Depth of Field, volume 7, no. 1 (December 2015)Raphaële Bertho: On Both Sides of the Ocean – The Photographic Discovering of the Everyday Landscape. Analyzing the Influence of the New Topographics on the Mission photographique de la DATAR

To refer to this article use this url:

A Transatlantic Journey

How did the New Topographics’ photographs, along with some of their authors, cross the ocean in the early 1980s? Beyond institutional aspects, the photographers themselves created the most obvious links to set up the two photographic movements. From the very beginning, the Mission photographique displayed the work of Lewis Baltz in a poster of 1984, which additionally listed the photographic influences of the French project. The historian Jean-François Chevrier mentioned the New Topographics exhibition in his text La Photographie dans la culture du paysage (Photography in the landscape culture), published in 1985 in the first catalogue of the Mission accompanying the French work in progress.[3] So the manifestation was known and considered to be part of a living tradition in American landscape photography. This mention of the New Topographics by Chevrier belongs to a demonstration of the differences between the US and Europe, to underline an American continuity versus a French discontinuity.[4] This conviction at the time of a lack of vision of the landscape in France (which has been relativized since)[5] probably plays a role in the interest given to photographic creation on the other side of the Atlantic.

Concurrently, some photographers became aware of the New Topographics’ works even though their books were difficult to access, expensive to purchase and available only in a few libraries. Raymond Depardon discovered this American photography during his trip to New York in the summer of 1981, in particular the work of Walker Evans for the Farm Security Administration in the 1930s or Paul Strand’s book La France de profil (1952).[6] This influence is recognizable in his work Correspondances New-Yorkaises (1981), whenhe wrote ‘I want to make photos with a view camera. I want to make my family in the Dombes.’[7] Taking the example of these illustrious predecessors, he turned to the large format and decided to devote himself to the landscape, and especially that of his parents' farm in Villefranche-sur-Saône. Back from the US, Depardon realized his series La ferme du Garet and showed a radical change in practice, style and subject. In 1981, Bernard Birsinger participated in a masterclass in Zürich with Lewis Baltz, and met Robert Adams.[8] The affiliation between how Adams looked at the Colorado plateau and how Birsinger looked at the plains of Alsace is striking. (figs. 1 & 2) From the start, Jean-Louis Garnell was very attentive to photography's recent developments in the US. It is particularly through Sally Eauclaire’s The New Color Photography (1981) that he met the work of Stephen Shore and William Eggleston, which immediately influenced his still developing practice. (figs. 3 & 4) Garnell was one of the few photographers of the Mission photographique to work in a darkroom and in colour. Some of his pictures appear to be visual quotations from the work of Stephen Shore, similarly playing with the accumulation of commercial signs on roadsides, or those of deserted cityscapes.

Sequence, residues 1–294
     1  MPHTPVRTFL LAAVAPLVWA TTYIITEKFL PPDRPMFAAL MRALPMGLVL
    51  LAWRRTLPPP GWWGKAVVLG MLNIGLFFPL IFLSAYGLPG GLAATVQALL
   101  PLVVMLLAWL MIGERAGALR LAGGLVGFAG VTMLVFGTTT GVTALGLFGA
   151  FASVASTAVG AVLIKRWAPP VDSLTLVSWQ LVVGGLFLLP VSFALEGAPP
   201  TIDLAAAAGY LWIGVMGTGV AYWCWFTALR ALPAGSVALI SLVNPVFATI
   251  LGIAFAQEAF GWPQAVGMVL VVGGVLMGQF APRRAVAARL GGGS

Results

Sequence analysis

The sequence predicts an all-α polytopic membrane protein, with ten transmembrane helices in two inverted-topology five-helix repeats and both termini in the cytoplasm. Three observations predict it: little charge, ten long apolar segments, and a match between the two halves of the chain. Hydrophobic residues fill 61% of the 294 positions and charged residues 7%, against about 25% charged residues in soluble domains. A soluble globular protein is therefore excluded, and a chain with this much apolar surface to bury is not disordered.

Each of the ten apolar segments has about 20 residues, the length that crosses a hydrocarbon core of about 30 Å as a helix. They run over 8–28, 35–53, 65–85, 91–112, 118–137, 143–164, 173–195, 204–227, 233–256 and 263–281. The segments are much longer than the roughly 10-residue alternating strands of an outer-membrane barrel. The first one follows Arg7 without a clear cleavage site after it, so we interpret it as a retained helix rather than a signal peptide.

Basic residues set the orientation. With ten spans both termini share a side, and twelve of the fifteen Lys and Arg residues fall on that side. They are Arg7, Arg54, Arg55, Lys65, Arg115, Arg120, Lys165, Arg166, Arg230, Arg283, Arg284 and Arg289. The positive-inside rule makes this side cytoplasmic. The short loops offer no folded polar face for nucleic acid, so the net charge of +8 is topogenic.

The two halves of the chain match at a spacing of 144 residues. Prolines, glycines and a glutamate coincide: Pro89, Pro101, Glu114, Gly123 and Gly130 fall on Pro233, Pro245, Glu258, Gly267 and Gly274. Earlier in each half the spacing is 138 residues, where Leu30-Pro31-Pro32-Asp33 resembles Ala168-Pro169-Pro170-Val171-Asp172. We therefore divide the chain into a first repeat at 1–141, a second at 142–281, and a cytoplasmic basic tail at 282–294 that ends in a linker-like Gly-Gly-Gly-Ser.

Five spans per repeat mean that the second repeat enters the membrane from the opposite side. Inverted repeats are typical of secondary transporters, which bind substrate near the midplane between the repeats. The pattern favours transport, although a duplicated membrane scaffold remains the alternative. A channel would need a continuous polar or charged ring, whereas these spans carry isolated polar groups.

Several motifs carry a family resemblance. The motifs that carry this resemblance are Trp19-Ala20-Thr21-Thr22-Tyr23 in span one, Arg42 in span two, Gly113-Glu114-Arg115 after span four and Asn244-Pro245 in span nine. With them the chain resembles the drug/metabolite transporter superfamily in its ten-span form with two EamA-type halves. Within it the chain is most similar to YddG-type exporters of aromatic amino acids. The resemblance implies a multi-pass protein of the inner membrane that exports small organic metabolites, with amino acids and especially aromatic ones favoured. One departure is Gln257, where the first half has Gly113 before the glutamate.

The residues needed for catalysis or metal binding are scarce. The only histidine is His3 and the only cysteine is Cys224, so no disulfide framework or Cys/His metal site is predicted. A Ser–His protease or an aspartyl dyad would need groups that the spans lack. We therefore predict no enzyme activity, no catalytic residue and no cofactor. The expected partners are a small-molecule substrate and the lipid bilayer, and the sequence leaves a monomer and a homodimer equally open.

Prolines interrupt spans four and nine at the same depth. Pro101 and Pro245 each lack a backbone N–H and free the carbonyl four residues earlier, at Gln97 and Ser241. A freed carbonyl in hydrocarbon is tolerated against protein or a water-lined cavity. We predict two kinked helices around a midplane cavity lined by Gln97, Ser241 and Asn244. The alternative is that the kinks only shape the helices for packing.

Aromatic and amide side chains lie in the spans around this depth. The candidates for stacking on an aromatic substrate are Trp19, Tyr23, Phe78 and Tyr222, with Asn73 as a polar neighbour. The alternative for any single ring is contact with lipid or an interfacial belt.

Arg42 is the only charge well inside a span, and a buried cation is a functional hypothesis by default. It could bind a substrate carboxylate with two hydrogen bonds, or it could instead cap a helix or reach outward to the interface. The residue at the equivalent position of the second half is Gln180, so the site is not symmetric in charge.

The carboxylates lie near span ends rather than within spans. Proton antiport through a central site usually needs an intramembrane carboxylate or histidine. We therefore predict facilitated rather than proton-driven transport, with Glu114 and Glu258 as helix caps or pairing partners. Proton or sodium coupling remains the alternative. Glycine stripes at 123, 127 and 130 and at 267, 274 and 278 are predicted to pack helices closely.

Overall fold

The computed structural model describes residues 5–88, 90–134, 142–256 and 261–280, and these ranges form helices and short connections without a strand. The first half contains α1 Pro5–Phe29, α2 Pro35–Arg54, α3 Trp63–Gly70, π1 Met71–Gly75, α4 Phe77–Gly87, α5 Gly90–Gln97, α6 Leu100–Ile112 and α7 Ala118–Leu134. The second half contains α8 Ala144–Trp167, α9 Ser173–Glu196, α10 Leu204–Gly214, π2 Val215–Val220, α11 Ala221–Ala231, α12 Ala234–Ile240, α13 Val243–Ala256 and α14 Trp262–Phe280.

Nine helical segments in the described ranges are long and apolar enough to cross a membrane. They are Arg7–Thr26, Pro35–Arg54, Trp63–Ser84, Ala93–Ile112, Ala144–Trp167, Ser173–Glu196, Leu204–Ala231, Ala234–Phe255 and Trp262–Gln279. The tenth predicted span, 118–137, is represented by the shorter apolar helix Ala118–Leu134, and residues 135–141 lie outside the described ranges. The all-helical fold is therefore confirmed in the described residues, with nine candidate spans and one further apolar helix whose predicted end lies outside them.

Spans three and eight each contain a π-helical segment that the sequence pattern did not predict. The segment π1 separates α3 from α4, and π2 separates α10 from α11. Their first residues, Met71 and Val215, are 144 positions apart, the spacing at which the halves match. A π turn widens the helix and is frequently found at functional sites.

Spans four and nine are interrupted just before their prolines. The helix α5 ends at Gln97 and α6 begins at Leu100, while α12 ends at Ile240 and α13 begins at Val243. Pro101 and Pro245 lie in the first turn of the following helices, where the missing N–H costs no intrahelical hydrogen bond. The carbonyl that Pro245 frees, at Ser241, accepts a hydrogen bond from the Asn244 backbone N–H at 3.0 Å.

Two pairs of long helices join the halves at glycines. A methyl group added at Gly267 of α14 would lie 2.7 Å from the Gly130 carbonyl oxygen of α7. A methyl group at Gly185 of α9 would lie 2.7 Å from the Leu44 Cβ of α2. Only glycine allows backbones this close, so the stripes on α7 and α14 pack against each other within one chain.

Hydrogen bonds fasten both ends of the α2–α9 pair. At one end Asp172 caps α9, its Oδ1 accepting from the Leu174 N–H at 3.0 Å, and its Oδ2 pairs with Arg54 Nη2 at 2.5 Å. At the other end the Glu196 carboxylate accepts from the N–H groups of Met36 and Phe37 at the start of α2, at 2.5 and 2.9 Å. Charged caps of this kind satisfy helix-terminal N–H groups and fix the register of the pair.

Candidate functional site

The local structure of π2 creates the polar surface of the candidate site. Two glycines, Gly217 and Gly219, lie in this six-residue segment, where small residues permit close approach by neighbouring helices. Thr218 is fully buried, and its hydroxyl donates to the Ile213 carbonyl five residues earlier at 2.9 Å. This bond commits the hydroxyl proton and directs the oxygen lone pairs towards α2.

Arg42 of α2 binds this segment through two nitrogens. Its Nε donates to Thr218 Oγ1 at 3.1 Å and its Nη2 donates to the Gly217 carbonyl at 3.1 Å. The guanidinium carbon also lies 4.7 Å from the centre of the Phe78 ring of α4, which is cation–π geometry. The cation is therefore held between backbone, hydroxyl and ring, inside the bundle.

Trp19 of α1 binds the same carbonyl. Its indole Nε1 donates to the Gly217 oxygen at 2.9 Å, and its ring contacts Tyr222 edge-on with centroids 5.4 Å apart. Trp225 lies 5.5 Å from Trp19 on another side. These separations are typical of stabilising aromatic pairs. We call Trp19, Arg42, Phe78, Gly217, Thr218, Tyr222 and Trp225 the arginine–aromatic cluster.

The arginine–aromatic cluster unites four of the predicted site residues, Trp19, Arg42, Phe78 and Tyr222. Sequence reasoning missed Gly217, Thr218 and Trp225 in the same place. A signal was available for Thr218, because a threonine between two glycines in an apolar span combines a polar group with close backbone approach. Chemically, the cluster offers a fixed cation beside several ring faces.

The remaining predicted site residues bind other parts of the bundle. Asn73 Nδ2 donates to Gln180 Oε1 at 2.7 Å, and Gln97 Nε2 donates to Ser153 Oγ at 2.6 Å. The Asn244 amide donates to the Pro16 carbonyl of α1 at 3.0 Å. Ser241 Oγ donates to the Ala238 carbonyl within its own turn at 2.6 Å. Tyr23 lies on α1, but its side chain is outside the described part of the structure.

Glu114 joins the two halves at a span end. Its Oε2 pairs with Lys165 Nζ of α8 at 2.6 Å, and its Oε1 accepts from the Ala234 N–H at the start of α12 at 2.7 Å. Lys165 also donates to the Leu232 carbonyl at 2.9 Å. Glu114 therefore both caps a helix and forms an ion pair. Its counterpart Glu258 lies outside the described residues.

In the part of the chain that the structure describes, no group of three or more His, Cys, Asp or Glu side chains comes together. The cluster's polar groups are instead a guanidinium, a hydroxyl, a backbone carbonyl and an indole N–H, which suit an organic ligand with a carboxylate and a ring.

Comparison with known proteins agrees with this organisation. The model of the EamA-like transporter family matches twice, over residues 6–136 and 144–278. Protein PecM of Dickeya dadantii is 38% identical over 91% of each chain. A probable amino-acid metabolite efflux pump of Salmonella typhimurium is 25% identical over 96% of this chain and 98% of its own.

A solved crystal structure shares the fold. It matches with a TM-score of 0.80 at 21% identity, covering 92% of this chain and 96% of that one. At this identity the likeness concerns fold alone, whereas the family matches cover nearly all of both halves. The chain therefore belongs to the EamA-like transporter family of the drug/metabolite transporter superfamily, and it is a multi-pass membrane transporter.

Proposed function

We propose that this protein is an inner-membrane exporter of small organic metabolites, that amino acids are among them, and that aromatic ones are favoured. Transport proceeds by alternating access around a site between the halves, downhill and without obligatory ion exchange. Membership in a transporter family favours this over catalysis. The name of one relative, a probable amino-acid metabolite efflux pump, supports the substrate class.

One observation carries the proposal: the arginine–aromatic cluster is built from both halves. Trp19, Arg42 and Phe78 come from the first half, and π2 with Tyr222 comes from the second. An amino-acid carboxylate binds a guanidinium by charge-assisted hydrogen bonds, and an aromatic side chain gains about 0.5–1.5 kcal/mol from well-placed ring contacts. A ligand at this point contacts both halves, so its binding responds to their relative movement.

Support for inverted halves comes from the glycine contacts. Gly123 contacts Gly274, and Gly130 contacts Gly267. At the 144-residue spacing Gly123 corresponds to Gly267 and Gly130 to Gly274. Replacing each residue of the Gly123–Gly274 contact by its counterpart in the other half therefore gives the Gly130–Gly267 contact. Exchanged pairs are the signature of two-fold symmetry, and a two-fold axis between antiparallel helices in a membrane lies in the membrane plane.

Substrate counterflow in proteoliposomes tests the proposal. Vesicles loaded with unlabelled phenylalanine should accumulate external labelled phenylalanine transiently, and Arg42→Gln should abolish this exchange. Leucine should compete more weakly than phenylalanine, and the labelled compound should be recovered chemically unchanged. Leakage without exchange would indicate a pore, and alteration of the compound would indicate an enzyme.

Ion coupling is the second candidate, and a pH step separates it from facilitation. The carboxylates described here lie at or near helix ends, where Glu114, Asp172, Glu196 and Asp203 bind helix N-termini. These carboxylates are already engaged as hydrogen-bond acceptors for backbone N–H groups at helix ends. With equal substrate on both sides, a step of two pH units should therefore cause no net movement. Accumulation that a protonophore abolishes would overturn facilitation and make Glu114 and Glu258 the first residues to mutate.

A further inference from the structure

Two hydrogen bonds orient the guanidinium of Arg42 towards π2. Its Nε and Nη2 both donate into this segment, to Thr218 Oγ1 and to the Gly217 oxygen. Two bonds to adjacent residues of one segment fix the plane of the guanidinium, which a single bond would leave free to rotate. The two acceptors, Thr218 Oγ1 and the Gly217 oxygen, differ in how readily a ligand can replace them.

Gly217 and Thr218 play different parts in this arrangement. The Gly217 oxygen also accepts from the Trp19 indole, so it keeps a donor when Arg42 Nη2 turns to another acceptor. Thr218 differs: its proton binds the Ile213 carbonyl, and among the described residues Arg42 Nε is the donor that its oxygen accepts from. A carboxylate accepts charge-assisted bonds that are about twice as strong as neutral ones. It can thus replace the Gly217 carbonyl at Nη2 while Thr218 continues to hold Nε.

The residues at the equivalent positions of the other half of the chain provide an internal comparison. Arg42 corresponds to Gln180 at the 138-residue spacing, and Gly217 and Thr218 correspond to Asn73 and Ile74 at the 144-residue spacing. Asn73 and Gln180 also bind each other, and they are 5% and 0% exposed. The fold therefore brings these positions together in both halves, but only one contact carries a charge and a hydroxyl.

In a second phase, the dialogue between photographers across the Atlantic is identified more directly with the participation of Lewis Baltz and Frank Gohlke in the second campaign of the French Mission photographique in 1987. The presence of the two American photographers in the premises and at the meetings of the Mission photographique opened an opportunity to exchange, to establish links of cooperation and even started friendships. This interpersonal dimension was probably stronger in terms of influence, but it is also more difficult to capture, evaluate and analyze.